Fertilizer Safety

Nitrogen fertilizer, whether liquid, granular or anhydrous ammonia, should not be placed in the seed row. Nitrogen can be highly toxic to germinating seed, so it needs to be placed at a safe distance, but still close enough so that it is available when the plant needs it.

Safe Levels of Seed Placed Fertilizer for Canola and Cereal Crops

(SK Ministry of Agriculture)

Sulfur fertilizers often contain a high proportion of nitrogen and should also not be placed with the seed. Phosphate and potassium have been shown to be seed safe in small amounts. When higher concentrations are required, they should not be seed-placed.

 

Placing Enough Nutrients at Seeding

Seed and fertilizer should be kept separate, because even very low levels of seed-placed fertilizer can be harmful to crops like oilseeds and pulses. Placing the seed on firm, moist and undisturbed soil also helps keep it safe from fertilizer damage.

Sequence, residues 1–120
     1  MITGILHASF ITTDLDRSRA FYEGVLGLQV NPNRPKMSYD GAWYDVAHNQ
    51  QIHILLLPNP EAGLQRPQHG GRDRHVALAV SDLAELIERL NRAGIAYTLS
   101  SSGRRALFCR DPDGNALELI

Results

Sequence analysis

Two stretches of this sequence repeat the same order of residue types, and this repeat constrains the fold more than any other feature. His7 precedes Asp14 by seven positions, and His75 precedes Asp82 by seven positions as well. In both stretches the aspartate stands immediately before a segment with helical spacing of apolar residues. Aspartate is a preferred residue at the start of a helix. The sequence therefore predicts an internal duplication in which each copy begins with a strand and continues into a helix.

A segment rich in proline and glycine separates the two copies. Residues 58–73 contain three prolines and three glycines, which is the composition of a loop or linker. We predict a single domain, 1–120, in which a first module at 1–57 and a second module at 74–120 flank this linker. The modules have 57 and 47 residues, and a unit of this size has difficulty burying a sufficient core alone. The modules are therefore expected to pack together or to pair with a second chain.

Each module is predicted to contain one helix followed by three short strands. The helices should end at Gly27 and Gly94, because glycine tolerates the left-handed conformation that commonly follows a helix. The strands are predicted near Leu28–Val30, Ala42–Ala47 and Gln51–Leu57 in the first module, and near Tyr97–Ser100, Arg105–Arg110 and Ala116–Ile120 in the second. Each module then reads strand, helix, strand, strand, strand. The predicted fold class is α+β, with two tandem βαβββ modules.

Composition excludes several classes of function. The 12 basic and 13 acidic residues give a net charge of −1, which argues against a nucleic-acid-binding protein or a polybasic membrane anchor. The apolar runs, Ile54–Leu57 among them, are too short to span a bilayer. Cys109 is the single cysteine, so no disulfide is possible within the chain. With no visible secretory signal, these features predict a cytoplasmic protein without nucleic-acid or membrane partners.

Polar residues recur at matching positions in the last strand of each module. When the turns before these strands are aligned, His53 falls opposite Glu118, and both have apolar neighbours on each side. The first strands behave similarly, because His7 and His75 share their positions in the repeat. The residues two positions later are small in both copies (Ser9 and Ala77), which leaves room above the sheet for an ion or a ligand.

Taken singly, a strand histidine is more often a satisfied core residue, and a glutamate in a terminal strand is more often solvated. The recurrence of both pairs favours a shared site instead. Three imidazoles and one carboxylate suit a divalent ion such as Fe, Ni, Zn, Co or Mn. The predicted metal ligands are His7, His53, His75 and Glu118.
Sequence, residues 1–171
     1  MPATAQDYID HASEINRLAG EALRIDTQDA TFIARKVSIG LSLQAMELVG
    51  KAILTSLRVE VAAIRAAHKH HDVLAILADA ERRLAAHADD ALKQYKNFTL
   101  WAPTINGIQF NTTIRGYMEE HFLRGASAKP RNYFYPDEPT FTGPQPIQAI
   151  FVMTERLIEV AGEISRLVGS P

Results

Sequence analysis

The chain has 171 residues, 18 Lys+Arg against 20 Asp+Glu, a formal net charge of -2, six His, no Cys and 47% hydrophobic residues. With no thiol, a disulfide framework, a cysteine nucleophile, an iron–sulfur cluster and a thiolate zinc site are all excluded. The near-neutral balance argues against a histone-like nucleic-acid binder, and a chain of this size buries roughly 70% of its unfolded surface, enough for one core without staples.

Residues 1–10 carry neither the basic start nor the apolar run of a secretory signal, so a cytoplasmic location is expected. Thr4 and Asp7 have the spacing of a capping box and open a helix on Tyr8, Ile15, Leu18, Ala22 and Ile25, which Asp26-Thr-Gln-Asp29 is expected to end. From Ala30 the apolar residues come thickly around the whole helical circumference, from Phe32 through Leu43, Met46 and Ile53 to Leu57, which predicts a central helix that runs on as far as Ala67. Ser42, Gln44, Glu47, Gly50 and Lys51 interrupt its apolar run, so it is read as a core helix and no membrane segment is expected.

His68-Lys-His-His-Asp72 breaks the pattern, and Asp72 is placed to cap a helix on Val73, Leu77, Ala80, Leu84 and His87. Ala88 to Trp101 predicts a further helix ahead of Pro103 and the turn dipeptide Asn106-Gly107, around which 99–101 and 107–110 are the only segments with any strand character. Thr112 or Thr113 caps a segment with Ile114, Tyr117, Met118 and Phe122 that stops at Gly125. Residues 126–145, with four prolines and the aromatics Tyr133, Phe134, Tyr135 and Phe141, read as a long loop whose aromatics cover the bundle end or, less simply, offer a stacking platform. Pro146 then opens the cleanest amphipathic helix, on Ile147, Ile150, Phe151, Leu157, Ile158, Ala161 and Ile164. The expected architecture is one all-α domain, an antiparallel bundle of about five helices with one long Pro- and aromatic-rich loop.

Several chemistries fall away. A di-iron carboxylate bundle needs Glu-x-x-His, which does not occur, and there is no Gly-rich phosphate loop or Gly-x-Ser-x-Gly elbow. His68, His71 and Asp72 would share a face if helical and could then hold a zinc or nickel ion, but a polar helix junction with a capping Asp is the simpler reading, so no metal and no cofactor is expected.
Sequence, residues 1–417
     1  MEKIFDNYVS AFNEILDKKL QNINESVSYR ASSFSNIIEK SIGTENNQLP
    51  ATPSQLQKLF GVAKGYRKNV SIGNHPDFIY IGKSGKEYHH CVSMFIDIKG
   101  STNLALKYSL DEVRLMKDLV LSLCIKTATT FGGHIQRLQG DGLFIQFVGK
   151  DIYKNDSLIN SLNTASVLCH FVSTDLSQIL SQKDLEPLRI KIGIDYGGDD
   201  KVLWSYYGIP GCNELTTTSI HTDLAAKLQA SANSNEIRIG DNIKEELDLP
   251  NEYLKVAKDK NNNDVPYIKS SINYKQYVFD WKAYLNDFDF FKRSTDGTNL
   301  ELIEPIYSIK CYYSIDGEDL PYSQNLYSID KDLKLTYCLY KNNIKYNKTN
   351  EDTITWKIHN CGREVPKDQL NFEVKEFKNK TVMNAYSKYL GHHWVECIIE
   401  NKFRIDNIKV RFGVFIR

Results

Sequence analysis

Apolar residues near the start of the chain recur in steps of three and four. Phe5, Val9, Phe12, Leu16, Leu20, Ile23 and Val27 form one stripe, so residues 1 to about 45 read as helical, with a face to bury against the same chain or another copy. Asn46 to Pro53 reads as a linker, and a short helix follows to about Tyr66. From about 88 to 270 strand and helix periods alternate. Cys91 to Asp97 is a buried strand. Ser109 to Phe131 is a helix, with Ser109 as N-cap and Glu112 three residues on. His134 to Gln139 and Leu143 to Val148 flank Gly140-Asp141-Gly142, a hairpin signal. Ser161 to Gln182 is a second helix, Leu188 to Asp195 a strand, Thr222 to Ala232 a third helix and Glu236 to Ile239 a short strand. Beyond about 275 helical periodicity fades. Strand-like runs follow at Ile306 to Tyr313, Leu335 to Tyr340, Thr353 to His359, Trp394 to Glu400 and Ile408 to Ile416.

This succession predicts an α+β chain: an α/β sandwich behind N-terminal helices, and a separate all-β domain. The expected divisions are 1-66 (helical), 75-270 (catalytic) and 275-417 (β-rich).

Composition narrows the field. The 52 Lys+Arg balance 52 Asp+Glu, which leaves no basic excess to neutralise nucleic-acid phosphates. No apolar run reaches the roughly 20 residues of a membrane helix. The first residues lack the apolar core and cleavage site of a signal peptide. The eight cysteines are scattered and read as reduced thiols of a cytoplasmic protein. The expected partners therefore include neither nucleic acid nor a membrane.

See Optimum Fertilizer Placement

Environmental factors, such as moisture and soil structure, should be taken into account when determining fertilization levels. It makes no sense to over fertilizer poor-producing areas, or areas where spring moisture is very limited.

When a field’s yield potential is limited, fertilizer rates should be scaled back. To do this, choose seeding tools/systems that are capable of accurately applying both high and low rates of nutrients.

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